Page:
Neuroectodermal Tumor Evaluation
The evaluation of primitive neuroectodermal tumors begins with a history and physical examination.
Physical findings may help to identify the location of the tumor in the brain.
Physical findings in someone with a primitive neuroectodermal tumor may include:
- Weakness on one side of the body:
- Numbness on one side of the body:
- Difficulty swallowing
- Difficulty walking
- Difficulty with balance
- Difficulty speaking
- Facial weakness:
- Facial drooping
- Loss of coordination
- Memory loss
- Vision changes:
Tests are necessary to make the diagnosis of a primitive neuroectodermal tumor.
Tests that may be used to evaluate primitive neuroectodermal tumors include:
Neuroectodermal Tumor Biopsy
A brain biopsy is necessary to confirm the diagnosis of primitive neuroectodermal tumor.
During a brain biopsy, a neurosurgeon removes a small sample of brain tissue through a small hole in the skull. The tissue is then examined under a microscope, in order to determine the type of cells causing the cancer.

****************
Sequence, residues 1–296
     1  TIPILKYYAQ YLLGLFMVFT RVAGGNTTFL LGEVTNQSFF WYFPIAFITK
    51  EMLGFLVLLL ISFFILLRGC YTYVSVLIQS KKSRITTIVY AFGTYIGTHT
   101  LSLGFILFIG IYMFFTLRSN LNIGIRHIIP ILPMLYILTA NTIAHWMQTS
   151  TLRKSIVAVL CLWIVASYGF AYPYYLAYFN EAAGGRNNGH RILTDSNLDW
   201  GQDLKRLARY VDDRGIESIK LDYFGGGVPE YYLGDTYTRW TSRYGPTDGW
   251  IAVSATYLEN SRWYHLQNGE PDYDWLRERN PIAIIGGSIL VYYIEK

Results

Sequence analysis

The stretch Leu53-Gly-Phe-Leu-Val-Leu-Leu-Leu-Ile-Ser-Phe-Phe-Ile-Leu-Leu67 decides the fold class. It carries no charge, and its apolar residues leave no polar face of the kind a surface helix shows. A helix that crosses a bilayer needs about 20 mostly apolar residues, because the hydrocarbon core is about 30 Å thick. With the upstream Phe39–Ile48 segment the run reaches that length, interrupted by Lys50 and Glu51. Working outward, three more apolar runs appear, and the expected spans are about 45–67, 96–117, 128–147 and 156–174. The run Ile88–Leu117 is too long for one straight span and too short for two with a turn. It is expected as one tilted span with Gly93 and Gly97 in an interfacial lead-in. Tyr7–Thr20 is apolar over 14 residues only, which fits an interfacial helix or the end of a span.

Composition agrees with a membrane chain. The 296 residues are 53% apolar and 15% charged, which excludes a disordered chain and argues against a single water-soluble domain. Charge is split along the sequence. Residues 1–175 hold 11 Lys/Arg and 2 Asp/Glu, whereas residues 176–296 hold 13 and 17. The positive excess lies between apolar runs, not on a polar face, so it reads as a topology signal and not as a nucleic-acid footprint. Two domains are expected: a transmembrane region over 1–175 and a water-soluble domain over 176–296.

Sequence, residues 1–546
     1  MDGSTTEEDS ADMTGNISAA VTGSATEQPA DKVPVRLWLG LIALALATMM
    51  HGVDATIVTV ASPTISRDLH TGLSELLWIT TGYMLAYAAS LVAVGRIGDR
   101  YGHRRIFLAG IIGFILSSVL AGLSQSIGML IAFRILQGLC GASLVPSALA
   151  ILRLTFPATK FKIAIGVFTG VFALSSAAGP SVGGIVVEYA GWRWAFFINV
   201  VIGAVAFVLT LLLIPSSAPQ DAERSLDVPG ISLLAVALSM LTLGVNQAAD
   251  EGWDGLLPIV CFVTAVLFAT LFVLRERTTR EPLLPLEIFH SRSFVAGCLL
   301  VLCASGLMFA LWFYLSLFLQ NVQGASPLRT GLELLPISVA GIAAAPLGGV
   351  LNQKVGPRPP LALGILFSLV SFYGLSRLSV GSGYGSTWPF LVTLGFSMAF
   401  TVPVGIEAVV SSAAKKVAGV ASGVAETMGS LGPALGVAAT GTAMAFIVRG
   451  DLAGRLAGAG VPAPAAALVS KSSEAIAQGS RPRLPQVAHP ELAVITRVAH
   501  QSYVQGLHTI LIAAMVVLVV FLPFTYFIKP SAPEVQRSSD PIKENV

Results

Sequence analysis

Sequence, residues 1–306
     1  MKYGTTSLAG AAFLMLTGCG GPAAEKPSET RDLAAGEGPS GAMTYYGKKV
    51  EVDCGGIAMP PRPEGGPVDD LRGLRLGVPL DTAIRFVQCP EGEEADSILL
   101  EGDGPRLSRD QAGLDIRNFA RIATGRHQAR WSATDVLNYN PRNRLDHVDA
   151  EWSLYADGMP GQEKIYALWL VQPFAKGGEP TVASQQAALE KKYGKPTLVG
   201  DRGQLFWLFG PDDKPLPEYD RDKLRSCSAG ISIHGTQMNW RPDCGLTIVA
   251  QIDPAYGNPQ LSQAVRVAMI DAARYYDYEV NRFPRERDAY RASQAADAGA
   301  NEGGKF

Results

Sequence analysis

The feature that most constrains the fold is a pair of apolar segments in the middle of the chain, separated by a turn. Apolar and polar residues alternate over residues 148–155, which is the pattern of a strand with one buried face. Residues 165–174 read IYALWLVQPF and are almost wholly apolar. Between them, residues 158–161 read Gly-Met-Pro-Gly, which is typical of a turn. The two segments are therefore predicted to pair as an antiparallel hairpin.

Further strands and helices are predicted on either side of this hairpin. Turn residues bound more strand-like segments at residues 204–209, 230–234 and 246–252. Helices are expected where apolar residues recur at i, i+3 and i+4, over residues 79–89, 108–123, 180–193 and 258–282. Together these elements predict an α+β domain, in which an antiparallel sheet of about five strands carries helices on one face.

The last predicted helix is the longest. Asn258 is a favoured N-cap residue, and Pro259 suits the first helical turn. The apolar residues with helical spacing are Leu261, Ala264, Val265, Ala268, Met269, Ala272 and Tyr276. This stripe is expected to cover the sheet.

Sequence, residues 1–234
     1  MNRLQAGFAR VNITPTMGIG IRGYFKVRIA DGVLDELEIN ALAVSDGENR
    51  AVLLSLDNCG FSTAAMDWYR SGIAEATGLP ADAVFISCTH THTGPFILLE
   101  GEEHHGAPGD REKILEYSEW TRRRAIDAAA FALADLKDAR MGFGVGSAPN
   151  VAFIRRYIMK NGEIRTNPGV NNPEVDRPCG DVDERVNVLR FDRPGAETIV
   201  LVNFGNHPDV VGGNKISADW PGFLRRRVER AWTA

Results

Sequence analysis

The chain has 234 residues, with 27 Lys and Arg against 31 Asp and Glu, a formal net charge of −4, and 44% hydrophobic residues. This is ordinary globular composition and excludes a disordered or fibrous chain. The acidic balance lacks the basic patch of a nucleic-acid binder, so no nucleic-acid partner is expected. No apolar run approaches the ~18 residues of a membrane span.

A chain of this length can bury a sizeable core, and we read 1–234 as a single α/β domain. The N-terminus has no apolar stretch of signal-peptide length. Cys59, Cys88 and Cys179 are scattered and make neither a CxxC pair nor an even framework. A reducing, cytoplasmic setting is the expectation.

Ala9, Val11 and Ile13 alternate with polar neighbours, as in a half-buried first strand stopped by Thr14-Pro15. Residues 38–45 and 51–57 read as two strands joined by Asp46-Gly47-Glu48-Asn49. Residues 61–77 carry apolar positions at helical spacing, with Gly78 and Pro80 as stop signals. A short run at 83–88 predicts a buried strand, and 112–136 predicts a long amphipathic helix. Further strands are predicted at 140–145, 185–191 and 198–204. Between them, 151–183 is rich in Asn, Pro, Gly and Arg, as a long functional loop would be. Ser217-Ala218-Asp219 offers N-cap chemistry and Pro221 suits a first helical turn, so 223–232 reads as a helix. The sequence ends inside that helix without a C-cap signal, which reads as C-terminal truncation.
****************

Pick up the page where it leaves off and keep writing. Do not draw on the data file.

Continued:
Continue to Neuroectodermal Tumor Treatment
- Jakacki RI. Treatment strategies for high-risk medulloblastoma and supratentorial primitive neuroectodermal tumors. Review of the literature. J Neurosurg. 2005 Jan;102(1 Suppl):44-52. 
- McLean TW. Medulloblastomas and central nervous system primitive neuroectodermal tumors. Curr Treat Options Oncol. 2003 Dec;4(6):499-508. 
- Vogel H, Fuller GN. Primitive neuroectodermal tumors, embryonal tumors, and other small cell and poorly differentiated malignant neoplasms of the central and peripheral nervous systems. Ann Diagn Pathol. 2003 Dec;7(6):387-98.